krupeshmistry

nuclear Non-Proliferation Treaty (NPT)'s
Review Conference - first session

23 January 2023

Olamide Samuel

With the eleventh Review Conference (RevCon) of the nuclear Non-Proliferation Treaty (NPT) slated for 2026, the first session of its Preparatory Committee will be held this year in Vienna. 

As the NPT cycle has been cut to four years instead of five due to pandemic-related delays, there is limited time for considered reflections on the ‘failure’ of the Tenth NPT RevCon to produce a final consensus document.

Given the prevailing international security environment, the near possibility of a ‘successful’ tenth RevCon was surprising. The Russian delegation’s last-minute decision to block consensus was equally surprising and ultimately led to the conference’s failure. 

Russia’s actions were especially disappointing, considering that numerous delegations were prepared to set aside their misgivings about the final document and join the consensus. With the exception of Russia, the symbolic importance of adopting a ‘middle-ground’ outcome document on the 50th anniversary of the treaty was widely understood to be of paramount importance.

Olamide Samuel

Simulating the Cuban Missile Crisis on the 60th Anniversary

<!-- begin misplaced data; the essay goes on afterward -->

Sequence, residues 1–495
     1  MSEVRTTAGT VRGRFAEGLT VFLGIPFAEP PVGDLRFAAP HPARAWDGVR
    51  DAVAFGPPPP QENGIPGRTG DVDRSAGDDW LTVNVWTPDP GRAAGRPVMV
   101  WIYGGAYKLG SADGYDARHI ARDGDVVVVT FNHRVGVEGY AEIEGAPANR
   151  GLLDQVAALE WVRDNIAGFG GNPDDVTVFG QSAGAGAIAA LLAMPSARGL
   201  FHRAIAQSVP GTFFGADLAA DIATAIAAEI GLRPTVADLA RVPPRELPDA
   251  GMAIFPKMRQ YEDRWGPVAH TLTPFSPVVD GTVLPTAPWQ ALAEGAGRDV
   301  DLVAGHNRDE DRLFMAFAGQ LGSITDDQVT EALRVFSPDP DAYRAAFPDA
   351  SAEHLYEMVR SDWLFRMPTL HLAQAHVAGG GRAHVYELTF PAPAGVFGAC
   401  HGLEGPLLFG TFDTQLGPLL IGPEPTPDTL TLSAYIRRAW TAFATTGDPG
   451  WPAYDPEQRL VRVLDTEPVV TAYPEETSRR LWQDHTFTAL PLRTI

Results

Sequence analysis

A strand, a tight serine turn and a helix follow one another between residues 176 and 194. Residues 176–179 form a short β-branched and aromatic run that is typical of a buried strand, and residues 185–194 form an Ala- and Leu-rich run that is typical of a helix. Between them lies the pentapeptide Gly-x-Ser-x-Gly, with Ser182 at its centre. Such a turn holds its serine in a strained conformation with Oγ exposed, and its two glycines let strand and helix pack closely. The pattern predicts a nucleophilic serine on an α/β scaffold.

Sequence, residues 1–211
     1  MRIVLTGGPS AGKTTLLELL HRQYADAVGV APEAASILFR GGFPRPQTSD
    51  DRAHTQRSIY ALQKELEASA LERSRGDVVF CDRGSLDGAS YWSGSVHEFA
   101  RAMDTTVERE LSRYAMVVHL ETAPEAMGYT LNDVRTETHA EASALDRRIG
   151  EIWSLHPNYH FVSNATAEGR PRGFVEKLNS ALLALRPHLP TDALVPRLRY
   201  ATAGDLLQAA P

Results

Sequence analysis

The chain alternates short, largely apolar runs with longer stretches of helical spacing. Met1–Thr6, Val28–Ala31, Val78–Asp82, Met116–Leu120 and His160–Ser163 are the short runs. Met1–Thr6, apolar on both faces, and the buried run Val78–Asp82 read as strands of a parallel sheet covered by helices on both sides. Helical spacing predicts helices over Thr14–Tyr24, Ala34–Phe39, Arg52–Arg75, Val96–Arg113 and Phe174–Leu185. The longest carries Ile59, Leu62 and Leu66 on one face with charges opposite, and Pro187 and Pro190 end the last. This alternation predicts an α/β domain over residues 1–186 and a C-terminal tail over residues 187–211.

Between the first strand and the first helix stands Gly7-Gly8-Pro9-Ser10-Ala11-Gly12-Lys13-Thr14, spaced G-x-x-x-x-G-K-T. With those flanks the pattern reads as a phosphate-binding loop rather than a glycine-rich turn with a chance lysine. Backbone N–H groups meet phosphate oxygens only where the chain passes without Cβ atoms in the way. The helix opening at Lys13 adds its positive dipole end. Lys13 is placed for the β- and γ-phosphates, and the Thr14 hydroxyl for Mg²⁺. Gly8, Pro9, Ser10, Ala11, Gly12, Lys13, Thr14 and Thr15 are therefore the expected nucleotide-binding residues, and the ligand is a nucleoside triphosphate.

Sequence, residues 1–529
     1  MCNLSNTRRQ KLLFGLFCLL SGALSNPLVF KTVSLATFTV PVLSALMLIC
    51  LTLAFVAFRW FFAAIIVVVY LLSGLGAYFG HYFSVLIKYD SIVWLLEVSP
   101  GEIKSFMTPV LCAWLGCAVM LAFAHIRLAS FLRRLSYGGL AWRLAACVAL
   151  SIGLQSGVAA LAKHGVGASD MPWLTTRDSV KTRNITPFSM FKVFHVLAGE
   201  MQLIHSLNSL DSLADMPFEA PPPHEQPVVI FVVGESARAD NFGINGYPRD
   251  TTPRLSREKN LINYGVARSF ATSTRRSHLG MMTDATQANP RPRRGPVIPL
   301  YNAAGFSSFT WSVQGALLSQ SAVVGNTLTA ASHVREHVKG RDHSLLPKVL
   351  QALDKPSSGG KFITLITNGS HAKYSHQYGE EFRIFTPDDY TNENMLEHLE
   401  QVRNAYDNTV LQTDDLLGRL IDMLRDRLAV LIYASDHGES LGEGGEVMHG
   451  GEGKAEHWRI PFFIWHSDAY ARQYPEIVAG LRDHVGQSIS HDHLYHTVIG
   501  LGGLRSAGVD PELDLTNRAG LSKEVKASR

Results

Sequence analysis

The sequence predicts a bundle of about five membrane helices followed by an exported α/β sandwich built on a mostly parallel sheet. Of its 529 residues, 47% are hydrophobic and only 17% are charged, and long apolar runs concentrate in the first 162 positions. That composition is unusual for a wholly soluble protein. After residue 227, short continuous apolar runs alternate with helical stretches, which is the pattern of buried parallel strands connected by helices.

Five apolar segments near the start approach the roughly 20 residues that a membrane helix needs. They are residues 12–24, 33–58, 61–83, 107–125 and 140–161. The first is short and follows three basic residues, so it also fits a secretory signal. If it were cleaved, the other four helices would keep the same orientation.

Written by Dr Cameron Hunter
9 November 2022

We gathered to mark the 60th anniversary of a showdown that brought the world to the brink of nuclear catastrophe. In November 2022, University of Leicester students, staff and guest experts gathered to simulate the Cuban Missile Crisis. Borne from the team’s sheer interest, this extra-curricular event had two goals: 1) to gain new perspectives on the historic crisis; and 2) to kindle interest in conflict simulation amongst a new generation.

A simulation cannot hope to replicate every aspect – some variables necessarily loom larger in the design construct than others. For our game, we emphasised the limitations of communications technology in 1962. This meant that players could only talk in person if they arranged meetings, with appropriate delays added for travel or bureaucratic wrangling. Otherwise, players were reliant on telegrams (and telephone calls, but security fears kept teams from using the phone on the day) – readers will recall that the Washington-Moscow hotline was not established until after the crisis.

Beyond communications technology, we structured the game with a full-fledged Cuba team, reflecting recent literature that revealed the heavy influence of Castro’s government in shaping the crisis. For the curious, the result of our simulation was a sort of limited Cuban “victory.” The Cuban team successfully played the superpowers off against each other to finish 1962 with newfound prestige and independence.

In our post-game discussion, however, our participants were convinced that Cuba could not have maintained this fragile “win” for long into 1963 or 1964 because of the irreparable damage to Cuba’s trustworthiness enacted by its double-dealing. Our game managers were especially pleased to see emergent gameplay dynamics. That is, politically credible choices and knock-on effects that were not directly due to the game mechanics, but rather from the interaction of players with one another (within the scenario’s restraints). We saw aspects of nuclear deterrence and risk management in player decisions, who tended to assume the worst-case scenario would be the result of their own provocative responses.